Odum was a builder and "a scholar in the grand manner" who became a public figure. He brought over $650,000 in funding to The University of North Carolina, and his ready access to foundations was the wonder of all who knew him. Under his direction, the Institute for Research in Social Science published 87 books and 322 articles, many in Social Forces. Odum's own output consisted of 22 volumes and some 200 articles. In the throes of production, he slept little and made full use of his great energy. Called a "promoter," Odum selected younger men and attended to the funding and publication of their projects. No man for the ivory tower, he placed emphasis on using as well as obtaining knowledge.

He advised public officials and participated in setting up organizations devoted to regional development. Certain projects that later succeeded had been outlined earlier in his published work and correspondence, indicating that his fine imagination was capable of anticipation.

Many honors came to Odum, including the presidency of the American Sociological Association in 1930. He received honorary degrees from Emory University (LL.D., 1931), the College of the Ozarks (Litt.D., 1935), Harvard University (LL.D., 1939), and Clark University (L.H.D., 1941). His work in race relations brought Odum the Catholic Conference of the South's award in 1943 and the Bernays Award in 1945. Resolved not to leave the South permanently, he held various visiting professorships for brief periods. In 1953 Odum received the O. Max Gardner Award for the faculty member "who in the current year has made the greatest contribution to the welfare of the human race." A select herd of Jersey cattle that he kept won one of the few awards of Master Breeder from the American Jersey Cattle Association. His whimsical comment that his bulls were worth more than his books was widely quoted.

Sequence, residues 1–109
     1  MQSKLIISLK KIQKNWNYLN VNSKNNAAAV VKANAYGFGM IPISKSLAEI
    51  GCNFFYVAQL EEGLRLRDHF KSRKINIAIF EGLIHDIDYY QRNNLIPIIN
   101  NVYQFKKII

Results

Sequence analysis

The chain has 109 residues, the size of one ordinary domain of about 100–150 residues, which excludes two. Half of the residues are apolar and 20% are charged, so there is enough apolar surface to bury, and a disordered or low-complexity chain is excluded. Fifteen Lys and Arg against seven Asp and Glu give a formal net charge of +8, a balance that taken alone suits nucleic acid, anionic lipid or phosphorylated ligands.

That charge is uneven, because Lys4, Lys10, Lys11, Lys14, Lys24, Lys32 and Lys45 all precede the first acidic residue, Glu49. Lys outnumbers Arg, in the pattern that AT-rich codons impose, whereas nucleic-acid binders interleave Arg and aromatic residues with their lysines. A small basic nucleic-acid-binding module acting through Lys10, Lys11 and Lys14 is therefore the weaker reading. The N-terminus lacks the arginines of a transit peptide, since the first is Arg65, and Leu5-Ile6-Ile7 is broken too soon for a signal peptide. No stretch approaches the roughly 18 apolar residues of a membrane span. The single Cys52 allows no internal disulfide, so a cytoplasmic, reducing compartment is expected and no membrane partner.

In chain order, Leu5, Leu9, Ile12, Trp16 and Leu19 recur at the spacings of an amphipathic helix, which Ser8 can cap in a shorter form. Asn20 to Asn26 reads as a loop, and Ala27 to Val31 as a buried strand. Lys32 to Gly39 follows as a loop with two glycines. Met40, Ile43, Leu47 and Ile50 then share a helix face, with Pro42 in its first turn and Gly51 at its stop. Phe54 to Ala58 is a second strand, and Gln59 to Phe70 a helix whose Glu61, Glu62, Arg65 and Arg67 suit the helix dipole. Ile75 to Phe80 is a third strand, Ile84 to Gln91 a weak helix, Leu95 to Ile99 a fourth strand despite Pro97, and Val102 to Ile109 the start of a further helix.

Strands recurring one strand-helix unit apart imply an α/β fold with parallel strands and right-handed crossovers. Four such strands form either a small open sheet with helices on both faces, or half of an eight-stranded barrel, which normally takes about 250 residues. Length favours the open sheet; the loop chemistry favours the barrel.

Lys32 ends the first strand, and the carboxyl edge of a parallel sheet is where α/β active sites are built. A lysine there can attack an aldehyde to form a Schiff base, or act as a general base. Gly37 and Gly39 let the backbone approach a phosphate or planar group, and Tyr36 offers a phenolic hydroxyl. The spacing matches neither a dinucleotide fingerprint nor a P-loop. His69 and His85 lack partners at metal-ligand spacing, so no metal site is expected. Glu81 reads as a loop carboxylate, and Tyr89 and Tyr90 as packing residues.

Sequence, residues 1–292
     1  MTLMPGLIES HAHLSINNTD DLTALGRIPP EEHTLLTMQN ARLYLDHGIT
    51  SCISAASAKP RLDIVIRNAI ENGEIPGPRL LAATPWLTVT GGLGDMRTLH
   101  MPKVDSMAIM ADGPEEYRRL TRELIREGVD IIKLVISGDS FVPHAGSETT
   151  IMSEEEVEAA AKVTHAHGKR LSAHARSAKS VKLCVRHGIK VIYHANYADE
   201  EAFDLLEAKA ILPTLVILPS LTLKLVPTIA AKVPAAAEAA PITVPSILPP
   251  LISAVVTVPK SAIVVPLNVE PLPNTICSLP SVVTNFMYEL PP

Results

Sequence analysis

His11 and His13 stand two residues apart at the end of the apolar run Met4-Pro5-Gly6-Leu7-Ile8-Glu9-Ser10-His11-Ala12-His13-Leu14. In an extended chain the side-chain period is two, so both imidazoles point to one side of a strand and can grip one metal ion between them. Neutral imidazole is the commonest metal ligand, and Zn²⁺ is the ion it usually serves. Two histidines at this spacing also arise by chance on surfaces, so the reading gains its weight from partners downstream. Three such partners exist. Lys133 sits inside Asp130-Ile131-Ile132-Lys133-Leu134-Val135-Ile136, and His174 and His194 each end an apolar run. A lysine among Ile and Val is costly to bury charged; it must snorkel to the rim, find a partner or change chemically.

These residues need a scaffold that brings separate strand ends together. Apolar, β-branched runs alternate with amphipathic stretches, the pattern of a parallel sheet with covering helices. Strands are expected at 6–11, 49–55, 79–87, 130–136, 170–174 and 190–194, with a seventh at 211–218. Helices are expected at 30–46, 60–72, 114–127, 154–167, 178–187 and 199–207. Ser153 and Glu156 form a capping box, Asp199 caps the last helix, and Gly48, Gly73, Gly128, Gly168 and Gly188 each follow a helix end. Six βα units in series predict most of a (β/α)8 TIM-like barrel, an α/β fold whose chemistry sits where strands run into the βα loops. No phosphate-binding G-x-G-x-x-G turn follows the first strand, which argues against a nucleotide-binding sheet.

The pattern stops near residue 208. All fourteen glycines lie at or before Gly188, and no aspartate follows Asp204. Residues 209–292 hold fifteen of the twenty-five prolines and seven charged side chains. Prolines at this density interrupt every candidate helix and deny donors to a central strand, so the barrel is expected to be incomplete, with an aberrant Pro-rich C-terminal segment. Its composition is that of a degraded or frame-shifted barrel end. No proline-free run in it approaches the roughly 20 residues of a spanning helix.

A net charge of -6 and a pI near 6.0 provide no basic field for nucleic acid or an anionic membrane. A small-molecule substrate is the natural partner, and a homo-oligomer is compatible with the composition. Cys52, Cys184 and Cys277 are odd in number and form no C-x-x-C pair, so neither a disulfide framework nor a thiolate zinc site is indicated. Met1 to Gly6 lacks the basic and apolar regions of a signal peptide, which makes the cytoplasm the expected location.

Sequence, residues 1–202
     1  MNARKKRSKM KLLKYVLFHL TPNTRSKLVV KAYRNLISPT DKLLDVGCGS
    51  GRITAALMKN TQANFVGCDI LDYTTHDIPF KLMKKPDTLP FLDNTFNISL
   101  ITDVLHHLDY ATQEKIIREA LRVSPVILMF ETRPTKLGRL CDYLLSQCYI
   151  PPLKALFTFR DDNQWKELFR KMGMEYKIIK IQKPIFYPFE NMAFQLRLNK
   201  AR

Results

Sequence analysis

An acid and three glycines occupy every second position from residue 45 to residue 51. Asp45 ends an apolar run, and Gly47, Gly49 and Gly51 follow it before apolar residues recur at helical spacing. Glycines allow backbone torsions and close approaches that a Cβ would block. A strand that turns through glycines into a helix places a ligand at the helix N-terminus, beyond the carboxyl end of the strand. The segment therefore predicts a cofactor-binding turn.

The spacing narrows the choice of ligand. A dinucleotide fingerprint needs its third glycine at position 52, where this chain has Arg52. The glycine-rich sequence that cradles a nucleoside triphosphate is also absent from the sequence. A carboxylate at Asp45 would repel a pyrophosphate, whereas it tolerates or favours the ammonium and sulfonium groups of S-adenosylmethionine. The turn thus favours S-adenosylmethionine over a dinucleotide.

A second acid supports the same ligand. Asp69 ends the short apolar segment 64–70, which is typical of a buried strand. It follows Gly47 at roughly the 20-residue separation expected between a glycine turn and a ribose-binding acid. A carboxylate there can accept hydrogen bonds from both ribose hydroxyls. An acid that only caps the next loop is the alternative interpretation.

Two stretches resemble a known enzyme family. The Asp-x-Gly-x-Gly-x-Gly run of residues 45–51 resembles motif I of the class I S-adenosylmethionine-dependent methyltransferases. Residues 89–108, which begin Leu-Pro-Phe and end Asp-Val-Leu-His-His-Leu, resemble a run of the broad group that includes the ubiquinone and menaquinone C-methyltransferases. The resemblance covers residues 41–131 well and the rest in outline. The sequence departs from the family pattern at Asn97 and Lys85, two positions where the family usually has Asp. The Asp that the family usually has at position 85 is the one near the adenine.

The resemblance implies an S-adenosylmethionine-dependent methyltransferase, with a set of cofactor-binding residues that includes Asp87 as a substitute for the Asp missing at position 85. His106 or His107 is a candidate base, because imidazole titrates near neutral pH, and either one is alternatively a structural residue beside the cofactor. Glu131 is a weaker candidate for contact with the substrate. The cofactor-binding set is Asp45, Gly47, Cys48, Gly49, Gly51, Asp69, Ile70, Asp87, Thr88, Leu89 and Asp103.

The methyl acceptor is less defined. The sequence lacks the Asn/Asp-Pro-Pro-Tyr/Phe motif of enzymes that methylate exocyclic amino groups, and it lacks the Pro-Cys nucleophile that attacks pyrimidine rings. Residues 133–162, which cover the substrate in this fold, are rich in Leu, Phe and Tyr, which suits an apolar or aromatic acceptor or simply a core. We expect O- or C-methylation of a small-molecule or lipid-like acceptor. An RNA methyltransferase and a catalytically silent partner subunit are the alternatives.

Many who feared the impact of his new ideas never realized the true conservatism of his thought. To students who advanced simplistic explanations, Odum replied: "That is true, but what else is true?" "Academic statesman of the South at its best," Odum at his death was called the "Eli Whitney of the Modern South" by the Washington Post, which said he inspired a revolution.

Odum retired in June 1954 at age seventy and died the following November. His last words, said to a good friend visiting him in the hospital, were: "Everything is going to be all right."


Wayne D. Brazil, Howard W. Odum: The Building Years, 1884–1930 (1988).

International Encyclopedia of the Social Sciences (1968).

Howard Washington Odum Papers (Southern Historical Collection, University of North Carolina, Chapel Hill).,Howard_Washington.html (accessed September 26, 2014).

George B. Tindall, "The Significance of Howard W. Odum to Southern History: A Preliminary Estimate," Journal of Southern History 24 (August 1958).

Who Was Who in the South, vol. 3 (1966).

Additional Resources:

Odum, Howard Washington. Community and government. Chapel Hill, The University. 1921. (accessed September 26, 2014).

Odum, Howard Washington. Negro workaday songs. Chapel Hill : The University of North Carolina Press. 1926. (accessed September 26, 2014).

Odum, Howard Washington. The Negro and his songs : a study of typical Negro songs in the South. Chapel Hill : The University of North Carolina Press. 1925. (accessed September 26, 2014).

Odum, Howard Washington. Religious folk-songs of the Southern negroes. [Worchester, Mass. : s.n. 1909. (accessed September 26, 2014).

"Howard W. Odum." Presidents, American Sociological Association. (accessed September 26, 2014).

Works by Howard Washington Odum from WorldCat (searches multiple library catalogs). (accessed September 26, 2014).

Image Credits:

Publications Union of the University of North Carolina, Chapel Hill. The Yackety Yack, Volume XXXX. Chapel Hill, N.C.: Publications Union. 1930. 26. (accessed September 26, 2014).